Sylvia Earle investigates sargassum off Bermuda during a 2010 expedition as part of her Mission Blue initiative to explore and protect the ocean. “The Sargasso,” Earle says, “shines with hope in a troubled ocean.”
Photograph by Shaul Schwartz, Getty Images

I can almost feel the sizzle of energy as sunlight, carbon dioxide, and water work the magic of photosynthesis while I drift, wrapped in a golden curtain of sargassum, just off Bermuda. I revel in the sensation and am thrilled to see tiny bubbles of oxygen, a by-product of photosynthesis, rise to the surface and join the oxygen produced by trillions of diatoms, blue-green bacteria, and other phytoplankton in the surrounding ultraclear water.

As a living laboratory, the Sargasso Sea—with its masses of sargassum and their cargoes of lilliputian creatures—has yielded important findings about how and why the ocean matters to everyone, everywhere, all the time.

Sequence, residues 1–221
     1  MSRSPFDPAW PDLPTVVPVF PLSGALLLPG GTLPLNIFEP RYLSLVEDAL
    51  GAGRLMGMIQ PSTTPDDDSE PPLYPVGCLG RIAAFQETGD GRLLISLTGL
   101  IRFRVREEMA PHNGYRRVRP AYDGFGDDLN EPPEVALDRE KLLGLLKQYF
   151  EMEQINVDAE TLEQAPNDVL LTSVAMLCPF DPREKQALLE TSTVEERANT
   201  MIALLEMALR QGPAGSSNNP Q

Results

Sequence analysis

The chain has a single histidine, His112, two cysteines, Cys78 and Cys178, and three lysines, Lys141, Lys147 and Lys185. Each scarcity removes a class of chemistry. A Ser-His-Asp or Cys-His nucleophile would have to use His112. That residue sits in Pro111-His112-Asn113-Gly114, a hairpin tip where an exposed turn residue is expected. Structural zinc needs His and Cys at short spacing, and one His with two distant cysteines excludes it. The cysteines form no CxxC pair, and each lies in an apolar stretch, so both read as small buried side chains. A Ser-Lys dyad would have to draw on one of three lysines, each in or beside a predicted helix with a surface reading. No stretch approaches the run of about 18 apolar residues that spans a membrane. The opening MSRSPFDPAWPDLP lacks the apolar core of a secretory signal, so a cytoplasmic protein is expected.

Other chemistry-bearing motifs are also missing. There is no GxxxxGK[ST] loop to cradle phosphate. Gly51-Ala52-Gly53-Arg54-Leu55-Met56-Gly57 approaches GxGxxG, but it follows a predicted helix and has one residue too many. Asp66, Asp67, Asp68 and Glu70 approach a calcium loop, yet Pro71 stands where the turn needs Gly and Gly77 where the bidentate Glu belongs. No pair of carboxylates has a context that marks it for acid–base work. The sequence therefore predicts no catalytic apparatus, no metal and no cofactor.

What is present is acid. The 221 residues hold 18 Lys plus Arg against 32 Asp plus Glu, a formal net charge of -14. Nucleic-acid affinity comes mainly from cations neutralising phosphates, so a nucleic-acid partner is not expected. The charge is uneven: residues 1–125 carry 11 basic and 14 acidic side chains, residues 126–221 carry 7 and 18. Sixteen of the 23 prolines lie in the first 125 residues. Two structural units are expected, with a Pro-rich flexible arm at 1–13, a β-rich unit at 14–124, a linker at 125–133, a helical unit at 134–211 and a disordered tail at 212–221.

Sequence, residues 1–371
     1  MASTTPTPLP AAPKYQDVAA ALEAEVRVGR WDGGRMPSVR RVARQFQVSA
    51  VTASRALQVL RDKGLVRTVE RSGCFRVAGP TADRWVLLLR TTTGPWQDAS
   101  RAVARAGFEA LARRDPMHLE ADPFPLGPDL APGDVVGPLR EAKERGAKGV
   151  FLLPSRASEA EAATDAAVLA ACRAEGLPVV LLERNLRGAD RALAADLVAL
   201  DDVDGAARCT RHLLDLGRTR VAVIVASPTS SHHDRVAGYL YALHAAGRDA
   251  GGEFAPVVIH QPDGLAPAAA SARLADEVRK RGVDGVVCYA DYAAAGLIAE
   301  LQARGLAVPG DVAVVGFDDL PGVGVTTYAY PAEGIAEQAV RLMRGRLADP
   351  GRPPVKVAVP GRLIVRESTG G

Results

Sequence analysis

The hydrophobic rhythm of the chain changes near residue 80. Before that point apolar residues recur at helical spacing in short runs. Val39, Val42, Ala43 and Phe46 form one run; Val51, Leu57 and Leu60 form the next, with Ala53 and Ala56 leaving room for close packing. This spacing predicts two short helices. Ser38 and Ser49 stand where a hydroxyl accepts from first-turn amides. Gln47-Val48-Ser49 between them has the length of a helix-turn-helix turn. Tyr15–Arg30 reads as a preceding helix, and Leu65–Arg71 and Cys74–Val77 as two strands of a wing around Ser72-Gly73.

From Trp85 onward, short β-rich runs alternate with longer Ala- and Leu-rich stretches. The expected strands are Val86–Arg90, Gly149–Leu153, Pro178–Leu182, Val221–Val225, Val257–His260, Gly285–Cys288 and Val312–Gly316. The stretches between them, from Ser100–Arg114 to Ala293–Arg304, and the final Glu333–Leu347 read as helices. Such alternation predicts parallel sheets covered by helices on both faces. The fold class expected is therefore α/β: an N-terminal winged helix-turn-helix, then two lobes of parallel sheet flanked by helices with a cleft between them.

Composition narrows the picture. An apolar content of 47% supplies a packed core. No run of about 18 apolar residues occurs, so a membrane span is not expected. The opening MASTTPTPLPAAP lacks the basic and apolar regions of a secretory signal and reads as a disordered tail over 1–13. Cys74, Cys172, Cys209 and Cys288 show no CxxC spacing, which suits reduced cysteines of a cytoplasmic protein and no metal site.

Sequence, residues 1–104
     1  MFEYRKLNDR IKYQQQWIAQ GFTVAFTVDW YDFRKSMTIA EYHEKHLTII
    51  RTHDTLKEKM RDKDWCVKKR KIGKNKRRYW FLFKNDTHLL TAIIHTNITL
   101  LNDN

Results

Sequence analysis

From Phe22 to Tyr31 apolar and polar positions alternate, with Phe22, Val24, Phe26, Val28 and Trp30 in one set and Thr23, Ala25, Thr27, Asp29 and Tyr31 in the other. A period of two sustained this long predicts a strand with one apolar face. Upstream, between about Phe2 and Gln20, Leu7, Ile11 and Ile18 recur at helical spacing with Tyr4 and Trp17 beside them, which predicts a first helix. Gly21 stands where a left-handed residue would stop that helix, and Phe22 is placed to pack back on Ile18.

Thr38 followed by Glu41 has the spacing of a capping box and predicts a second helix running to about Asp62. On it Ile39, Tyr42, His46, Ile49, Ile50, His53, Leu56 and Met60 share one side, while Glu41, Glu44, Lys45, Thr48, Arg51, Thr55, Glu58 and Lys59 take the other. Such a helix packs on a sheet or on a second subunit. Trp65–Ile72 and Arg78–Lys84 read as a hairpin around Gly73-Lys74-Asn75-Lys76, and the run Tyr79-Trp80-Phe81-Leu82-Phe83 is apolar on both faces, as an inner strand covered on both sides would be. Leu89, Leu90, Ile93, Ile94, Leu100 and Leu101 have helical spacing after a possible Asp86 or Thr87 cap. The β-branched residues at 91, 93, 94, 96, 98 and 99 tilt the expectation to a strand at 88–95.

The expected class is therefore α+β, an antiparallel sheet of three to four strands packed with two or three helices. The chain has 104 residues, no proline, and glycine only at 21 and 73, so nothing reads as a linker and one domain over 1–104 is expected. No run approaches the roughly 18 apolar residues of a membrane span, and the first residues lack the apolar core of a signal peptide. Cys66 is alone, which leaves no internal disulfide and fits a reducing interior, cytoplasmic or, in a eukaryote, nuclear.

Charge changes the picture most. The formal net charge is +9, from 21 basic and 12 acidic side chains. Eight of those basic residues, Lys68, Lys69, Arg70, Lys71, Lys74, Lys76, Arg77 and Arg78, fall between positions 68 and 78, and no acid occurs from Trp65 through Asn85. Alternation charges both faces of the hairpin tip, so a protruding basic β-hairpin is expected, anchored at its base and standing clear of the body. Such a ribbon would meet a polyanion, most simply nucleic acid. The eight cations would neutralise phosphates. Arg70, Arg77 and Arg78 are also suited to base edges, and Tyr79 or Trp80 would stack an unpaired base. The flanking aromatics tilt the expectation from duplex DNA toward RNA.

It was in 1986 that Prochlorococcus—Earth’s smallest and most numerous photosynthetic organisms—were discovered in the Sargasso. Now known to occur globally, they churn out as much as 20 percent of the oxygen in the atmosphere. Seaweed and microscopic organisms provide oxygen for life in the sea and more than half the oxygen in the air we breathe. The carbon dioxide they capture is transformed with water into sugar, helping to fuel the complex ocean food webs that culminate in tuna, sharks, whales—and us.

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